The selected body of literature encompassed 3,876 authors. According to Lotka's law (21), which states that authors with more than 0.749 times the square root of the number of papers published by the most prolific scientists are high-producing authors, authors with more than four published works were defined here as high-producing authors. These accounted for 3.3% of all authors. For the purposes of illustration, the top 10 authors in terms of number of articles published are shown in Table 2.


Table 2. Top 10 authors in terms of number of articles published.

The number of works published by the top 10 authors shown in Table 2 includes those published as a co-author. To better understand the influential authors in this field, we also ranked the authors by number of works published as first author, as shown in Table 3. By comparing Tables 2, 3, it can be observed that two authors, IMAI T and KERBER KA, appear in both tables, indicating that these two authors may have made particularly extensive contributions to the field.


Table 3. Top 10 authors in terms of number of articles published as first author.

3.2.1. Analysis of publication trends among highly productive authors

An annual publication chart for the top 10 authors, based on their annual publication data and annual citation frequency, is shown in Figure 5. The size of each circle represents the number of works published in the corresponding year, and the shade of blue represents citation frequency. Seven of the 10 authors started their research in the field after 2010, and two of them started their research after 2018, with stable output every year thereafter.


Figure 5. Productivity of top authors over time.

3.2.2. Country analysis

The 3,876 corresponding authors came from 40 countries altogether. The top 10 countries are shown in Figure 6. American authors published the largest number of articles in the field (213), followed by authors from China (139) and Italy (113). In terms of articles involving international collaboration, the USA was represented by the largest number of authors, followed by Italy and China, although this field has a relatively low rate of inter-country collaboration overall.


Figure 6. Articles by country of the corresponding author.

3.2.3. Affiliation analysis

The first authors across all the articles came from 1,000 research institutions, with Seoul National University, Osaka University, and Hallym University being the three most frequently represented institutions, followed by Shanghai Jiao Tong University and Johns Hopkins University. Authors from Seoul National University published a total of 31 relevant articles between 1974 and 2022. The co-authorship network between institutions is shown in Figure 7A with the green cluster representing the collaborative network led by Seoul National University, and the purple cluster above it representing the collaborative network dominated by Chinese research institutions, such as Shanghai Jiao Tong University and Fudan University. There was some collaboration between the clusters, but this is still in need of strengthening. Figure 7B presents a visual representation of research publications from each institution over time, while the more prominent colors in Figure 7C capture the relatively high volume of publications from Seoul National University, Osaka University, and Hallym University.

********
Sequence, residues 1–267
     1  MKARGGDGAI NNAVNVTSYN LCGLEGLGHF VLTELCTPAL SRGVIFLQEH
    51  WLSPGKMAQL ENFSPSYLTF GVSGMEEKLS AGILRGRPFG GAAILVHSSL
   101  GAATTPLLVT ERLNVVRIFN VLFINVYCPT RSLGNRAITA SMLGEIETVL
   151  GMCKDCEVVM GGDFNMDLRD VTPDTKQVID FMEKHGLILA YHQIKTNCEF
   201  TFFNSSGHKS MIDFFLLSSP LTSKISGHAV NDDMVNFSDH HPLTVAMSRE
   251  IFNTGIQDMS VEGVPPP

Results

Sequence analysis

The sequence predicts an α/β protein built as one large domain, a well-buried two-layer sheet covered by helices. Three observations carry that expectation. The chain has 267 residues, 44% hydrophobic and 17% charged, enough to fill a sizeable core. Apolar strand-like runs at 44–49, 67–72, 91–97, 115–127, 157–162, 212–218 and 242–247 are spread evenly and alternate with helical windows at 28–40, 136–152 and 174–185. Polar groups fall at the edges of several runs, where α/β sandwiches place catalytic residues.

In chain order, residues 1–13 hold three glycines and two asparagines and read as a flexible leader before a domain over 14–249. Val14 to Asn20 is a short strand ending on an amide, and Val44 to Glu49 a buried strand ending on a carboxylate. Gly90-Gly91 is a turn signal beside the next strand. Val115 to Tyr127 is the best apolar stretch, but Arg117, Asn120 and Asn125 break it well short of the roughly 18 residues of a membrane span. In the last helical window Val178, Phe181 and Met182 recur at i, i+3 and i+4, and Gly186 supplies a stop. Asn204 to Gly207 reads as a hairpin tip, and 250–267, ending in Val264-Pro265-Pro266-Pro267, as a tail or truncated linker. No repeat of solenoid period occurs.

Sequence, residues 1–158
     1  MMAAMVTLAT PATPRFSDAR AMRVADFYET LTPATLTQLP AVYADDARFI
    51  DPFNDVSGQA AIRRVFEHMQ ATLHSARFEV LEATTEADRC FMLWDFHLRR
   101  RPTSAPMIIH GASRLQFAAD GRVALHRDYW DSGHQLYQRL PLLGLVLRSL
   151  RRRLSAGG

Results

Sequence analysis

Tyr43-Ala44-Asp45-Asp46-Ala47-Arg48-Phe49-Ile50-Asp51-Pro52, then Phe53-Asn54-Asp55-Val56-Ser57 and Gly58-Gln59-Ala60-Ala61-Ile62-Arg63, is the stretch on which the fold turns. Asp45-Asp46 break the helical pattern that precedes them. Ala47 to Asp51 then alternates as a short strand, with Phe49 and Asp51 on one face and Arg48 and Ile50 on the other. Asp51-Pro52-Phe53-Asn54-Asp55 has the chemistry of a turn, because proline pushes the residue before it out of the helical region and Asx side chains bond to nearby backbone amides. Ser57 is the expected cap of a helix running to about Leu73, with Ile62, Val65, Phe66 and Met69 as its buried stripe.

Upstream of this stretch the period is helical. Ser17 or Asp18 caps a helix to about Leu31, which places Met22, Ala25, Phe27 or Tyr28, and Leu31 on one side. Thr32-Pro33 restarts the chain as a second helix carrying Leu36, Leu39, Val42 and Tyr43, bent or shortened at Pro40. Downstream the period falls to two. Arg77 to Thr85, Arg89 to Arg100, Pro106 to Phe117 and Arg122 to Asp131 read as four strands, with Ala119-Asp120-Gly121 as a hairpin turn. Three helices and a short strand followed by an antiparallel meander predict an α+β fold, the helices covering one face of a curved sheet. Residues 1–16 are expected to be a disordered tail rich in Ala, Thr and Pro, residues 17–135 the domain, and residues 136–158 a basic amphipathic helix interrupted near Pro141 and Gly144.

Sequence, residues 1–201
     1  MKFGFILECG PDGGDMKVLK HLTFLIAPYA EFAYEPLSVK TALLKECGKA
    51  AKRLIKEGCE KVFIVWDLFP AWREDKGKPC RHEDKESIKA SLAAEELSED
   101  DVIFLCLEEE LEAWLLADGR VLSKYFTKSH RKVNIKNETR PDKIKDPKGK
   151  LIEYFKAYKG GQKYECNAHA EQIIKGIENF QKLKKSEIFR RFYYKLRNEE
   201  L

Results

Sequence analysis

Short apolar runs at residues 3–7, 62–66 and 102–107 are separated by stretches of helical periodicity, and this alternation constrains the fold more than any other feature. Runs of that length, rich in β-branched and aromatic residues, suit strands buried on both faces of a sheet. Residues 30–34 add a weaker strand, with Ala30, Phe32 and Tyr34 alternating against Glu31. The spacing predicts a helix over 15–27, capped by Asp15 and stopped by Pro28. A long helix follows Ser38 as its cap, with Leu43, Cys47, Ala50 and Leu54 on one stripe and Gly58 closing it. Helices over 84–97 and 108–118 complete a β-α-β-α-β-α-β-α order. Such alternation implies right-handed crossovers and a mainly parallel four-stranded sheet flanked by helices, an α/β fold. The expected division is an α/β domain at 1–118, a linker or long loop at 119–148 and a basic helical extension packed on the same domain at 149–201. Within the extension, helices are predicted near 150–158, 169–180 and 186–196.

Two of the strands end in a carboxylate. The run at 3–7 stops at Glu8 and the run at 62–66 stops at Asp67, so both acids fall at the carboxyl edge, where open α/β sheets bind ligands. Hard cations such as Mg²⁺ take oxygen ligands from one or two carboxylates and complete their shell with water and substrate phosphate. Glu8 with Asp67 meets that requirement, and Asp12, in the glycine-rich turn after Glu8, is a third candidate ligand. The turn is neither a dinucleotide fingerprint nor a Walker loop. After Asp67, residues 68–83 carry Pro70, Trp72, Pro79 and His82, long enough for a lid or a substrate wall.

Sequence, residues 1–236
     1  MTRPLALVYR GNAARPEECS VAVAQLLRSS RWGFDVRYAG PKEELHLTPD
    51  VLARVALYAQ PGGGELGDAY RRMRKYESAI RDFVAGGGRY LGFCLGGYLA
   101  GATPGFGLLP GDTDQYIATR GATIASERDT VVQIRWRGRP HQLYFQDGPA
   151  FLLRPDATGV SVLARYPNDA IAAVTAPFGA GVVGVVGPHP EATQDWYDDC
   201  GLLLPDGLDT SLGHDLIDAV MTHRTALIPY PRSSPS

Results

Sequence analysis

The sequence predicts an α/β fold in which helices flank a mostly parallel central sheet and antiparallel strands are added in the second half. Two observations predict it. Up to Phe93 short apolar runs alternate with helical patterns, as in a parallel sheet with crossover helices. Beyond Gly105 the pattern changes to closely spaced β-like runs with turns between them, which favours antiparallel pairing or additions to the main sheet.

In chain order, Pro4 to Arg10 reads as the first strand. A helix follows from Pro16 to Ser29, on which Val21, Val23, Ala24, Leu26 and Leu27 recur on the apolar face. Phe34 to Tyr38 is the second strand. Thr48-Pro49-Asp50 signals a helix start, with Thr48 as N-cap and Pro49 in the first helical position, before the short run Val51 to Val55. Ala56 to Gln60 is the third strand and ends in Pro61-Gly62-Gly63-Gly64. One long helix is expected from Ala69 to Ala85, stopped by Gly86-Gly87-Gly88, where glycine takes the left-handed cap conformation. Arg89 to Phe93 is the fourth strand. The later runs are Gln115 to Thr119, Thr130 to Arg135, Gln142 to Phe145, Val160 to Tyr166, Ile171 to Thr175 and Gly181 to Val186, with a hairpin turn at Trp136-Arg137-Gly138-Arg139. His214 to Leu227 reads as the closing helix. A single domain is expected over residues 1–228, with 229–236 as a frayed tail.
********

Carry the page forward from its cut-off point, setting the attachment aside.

Figure 7. (A) Research institution-based collaborative networks. (B) Research publications by institution over time. (C) Density of publications by research institution.

3.3. Analysis of topics published on

The topics of works published in the field were analyzed from three perspectives. First, high-frequency keywords were extracted from the abstracts of the selected articles. The relationships between these keywords were analyzed by establishing a high-frequency keyword co-occurrence network, and the main research topics were identified from the clustering results. Second, the thematic mapping technique proposed by Cobo et al. in 2011 was used to cluster themes according to their density and centrality to reveal any hotspots in the current body of research (22). Third, the evolution of various trends in the topics was analyzed over time. The top 40 subject-related keywords with the highest frequencies are shown in Supplementary Table 2.

3.3.1. VOSviewer keyword clustering analysis

As noted, a visual analysis of the co-occurrence networks for high-frequency keywords was undertaken. First, the abstracts from all of the chosen articles were divided, deactivated, and lexically normalized using Python to obtain all of the relevant keywords in the studies. A high-frequency keyword co-occurrence network was then produced using VOSviewer, as shown in Figure 8. It can be seen that the clustering analysis divided all the keywords into three main categories. The red cluster relates to treatment and diagnostic methods associated with the theme of 'maneuver'. The most frequently occurring terms were “Epley maneuver,” “Dix–Hallpike test,” and other specific treatments or diagnostic methods for otoliths. The blue cluster captures basic concepts such as “otoconia” and “posterior semicircular canal,” as well as clinical manifestations of otoliths, such as “nystagmus”. Finally, the green cluster represents research methods. Here, the high-frequency terms included “controlled study” and “control group,” as well as terms relating to potential influences on otoliths, such as “sex” and “prevalence”.